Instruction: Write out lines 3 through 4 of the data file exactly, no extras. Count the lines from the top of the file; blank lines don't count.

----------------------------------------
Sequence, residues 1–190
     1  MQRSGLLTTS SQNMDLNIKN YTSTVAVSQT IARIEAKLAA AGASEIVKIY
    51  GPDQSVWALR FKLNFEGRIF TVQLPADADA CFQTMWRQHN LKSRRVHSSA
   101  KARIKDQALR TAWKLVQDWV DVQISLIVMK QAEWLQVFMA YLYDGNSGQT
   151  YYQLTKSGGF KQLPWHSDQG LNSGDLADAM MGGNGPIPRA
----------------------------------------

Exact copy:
    51  GPDQSVWALR FKLNFEGRIF TVQLPADADA CFQTMWRQHN LKSRRVHSSA
   101  KARIKDQALR TAWKLVQDWV DVQISLIVMK QAEWLQVFMA YLYDGNSGQT